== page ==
Rescuers worked through the night to attempt to account for all of the victims of Tuesday's Morandi Bridge disaster in Genoa, as Italy's President called for a "serious and severe examination" into why the bridge suddenly collapsed.
At least 36 people died when a major section of the motorway in Italy's northwest partially collapsed during a heavy storm, according to Chief of Police Col. Riccardo Sciuto. One entire family died in the accident, Sciuto added.
Three French nationals are among the dead, according to a statement released by the French Foreign Affairs Ministry on Wednesday.
The death toll is likely to rise as multiple people remain missing.
The collapse of a section of the structure early Tuesday morning sent concrete tumbling toward the ground, overturning cars and trapping people in the rubble.
Fire services chief Emanuele Gissi told CNN Wednesday morning that no new survivors had been found overnight, but three more bodies had been discovered.
Teams with dogs are aiding search-and-rescue operations, but rescuers are not hearing or seeing any signs of life, he said, adding that the situation around the bridge site is still dangerous.
The head of the Italian Civil Protection Agency, Angelo Borrelli, said about 30 vehicles and several heavy-duty trucks were on the affected section of the bridge when it gave way.
Images from the scene showed a mangled mass of buckled vehicles and slabs of bitumen torn up as the bridge, built in the late 1960s, came tumbling down. Italy's President Sergio Mattarella said rescue efforts must be followed by a "serious and severe examination of the causes of what happened."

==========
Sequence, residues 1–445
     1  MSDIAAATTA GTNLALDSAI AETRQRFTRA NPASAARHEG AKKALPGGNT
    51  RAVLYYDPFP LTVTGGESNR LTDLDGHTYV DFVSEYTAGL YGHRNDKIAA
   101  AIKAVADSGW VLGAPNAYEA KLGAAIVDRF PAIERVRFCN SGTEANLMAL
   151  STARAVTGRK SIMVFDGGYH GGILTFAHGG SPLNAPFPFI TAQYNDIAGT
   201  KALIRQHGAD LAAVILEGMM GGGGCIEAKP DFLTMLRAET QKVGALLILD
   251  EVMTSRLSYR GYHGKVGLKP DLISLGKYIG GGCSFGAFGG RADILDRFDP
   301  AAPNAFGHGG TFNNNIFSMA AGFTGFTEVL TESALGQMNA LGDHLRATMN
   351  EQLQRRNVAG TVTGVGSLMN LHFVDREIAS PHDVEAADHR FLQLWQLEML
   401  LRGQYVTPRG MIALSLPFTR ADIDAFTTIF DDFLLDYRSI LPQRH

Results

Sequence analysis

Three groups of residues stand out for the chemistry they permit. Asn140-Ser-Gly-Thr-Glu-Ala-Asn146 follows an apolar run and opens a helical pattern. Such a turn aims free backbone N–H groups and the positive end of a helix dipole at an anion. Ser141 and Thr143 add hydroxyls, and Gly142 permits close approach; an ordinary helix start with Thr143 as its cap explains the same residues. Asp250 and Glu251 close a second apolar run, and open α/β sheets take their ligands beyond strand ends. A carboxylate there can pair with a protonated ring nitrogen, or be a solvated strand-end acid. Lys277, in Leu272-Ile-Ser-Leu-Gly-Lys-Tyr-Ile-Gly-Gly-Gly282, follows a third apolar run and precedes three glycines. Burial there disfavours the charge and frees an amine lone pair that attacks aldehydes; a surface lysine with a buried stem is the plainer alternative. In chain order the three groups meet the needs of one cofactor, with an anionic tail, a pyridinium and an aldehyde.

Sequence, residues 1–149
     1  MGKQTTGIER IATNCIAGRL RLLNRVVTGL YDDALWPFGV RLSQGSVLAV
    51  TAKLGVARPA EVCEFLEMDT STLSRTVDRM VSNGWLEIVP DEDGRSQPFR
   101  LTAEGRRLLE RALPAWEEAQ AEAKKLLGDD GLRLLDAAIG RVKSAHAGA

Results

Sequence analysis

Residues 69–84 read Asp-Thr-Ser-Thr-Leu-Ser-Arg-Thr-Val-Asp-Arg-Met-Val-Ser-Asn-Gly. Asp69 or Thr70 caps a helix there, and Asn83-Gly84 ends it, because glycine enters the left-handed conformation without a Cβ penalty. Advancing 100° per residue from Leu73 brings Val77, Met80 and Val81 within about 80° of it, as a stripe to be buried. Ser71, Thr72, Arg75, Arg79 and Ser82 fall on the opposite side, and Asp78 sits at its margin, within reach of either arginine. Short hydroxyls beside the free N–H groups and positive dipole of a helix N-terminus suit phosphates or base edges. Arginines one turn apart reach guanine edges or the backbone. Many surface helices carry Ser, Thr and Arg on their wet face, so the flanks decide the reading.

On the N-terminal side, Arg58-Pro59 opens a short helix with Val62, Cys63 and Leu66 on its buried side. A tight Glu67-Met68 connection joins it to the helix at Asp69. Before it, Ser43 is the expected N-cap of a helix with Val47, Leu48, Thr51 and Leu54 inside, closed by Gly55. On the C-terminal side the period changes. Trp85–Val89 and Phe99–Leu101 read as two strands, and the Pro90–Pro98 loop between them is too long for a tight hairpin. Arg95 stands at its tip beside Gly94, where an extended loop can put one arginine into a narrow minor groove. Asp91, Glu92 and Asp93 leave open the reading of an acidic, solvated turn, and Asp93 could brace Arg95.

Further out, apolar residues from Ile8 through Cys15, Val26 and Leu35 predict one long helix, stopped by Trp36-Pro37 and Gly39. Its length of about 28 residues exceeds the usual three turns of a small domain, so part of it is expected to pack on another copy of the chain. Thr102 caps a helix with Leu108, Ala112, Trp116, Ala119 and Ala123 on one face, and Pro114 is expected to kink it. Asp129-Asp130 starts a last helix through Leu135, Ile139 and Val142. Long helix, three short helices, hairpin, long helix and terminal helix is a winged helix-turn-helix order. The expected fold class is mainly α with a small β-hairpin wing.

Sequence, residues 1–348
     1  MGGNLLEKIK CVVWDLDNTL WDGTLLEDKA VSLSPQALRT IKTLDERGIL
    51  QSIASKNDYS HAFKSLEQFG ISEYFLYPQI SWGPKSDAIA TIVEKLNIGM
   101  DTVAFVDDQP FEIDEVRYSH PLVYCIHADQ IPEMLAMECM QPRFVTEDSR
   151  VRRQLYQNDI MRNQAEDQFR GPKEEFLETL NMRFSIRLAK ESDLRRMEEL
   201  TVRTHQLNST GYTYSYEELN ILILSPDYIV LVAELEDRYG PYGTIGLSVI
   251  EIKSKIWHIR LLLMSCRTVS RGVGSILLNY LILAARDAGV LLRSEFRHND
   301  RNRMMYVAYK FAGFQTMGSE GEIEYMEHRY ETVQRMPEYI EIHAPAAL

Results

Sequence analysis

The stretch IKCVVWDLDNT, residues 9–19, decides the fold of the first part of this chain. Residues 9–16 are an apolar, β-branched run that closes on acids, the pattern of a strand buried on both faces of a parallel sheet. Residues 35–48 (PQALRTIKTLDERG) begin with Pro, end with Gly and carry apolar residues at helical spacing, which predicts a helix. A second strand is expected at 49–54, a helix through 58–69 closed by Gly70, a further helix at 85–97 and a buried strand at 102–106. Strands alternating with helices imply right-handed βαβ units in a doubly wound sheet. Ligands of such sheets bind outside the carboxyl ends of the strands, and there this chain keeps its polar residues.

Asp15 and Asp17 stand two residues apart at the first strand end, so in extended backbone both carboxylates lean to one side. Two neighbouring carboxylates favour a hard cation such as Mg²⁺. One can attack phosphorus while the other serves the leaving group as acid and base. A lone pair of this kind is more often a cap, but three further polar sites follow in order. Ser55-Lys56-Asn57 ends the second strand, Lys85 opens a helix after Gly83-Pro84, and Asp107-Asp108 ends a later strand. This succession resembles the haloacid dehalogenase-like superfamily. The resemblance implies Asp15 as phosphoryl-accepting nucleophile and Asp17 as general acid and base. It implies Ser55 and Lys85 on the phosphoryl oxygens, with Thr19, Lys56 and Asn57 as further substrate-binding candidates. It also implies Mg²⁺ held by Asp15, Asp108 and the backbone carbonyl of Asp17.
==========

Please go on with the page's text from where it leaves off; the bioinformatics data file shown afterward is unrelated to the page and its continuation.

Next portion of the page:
One of the first rescuers to arrive at the site Tuesday told CNN he faced a "devastating scene," the ground littered with cars and debris, and people screaming to be freed.
"There are so many people that you don't know who to help," Paolo Tropiano said. "We even found a family -- a father, mother and a small child who were together, in a car, and unfortunately the three of them were dead."
At one point, Tropiano said he felt debris falling on his head and looked up to see part of the bridge swaying above him. "We just stood still for a second, trying to work out what could happen next," he said.
Tropiano is amazed that so many people survived the fall, and hoped others may still be found alive. "Miracles can happen," he said. "That is what we hope for, and what we are here for."